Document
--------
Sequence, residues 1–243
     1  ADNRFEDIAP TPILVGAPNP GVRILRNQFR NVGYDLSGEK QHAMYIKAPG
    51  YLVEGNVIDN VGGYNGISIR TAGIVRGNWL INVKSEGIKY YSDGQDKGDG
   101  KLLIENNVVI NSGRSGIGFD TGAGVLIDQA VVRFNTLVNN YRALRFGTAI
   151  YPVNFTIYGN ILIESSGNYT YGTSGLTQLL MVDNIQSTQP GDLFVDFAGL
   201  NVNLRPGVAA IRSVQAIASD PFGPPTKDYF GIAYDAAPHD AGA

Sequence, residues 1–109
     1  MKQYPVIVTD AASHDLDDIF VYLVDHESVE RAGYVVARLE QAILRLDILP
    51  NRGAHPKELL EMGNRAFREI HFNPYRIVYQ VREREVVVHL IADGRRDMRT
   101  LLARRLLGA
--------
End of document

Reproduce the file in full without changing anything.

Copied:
Sequence, residues 1–243
     1  ADNRFEDIAP TPILVGAPNP GVRILRNQFR NVGYDLSGEK QHAMYIKAPG
    51  YLVEGNVIDN VGGYNGISIR TAGIVRGNWL INVKSEGIKY YSDGQDKGDG
   101  KLLIENNVVI NSGRSGIGFD TGAGVLIDQA VVRFNTLVNN YRALRFGTAI
   151  YPVNFTIYGN ILIESSGNYT YGTSGLTQLL MVDNIQSTQP GDLFVDFAGL
   201  NVNLRPGVAA IRSVQAIASD PFGPPTKDYF GIAYDAAPHD AGA

Sequence, residues 1–109
     1  MKQYPVIVTD AASHDLDDIF VYLVDHESVE RAGYVVARLE QAILRLDILP
    51  NRGAHPKELL EMGNRAFREI HFNPYRIVYQ VREREVVVHL IADGRRDMRT
   101  LLARRLLGA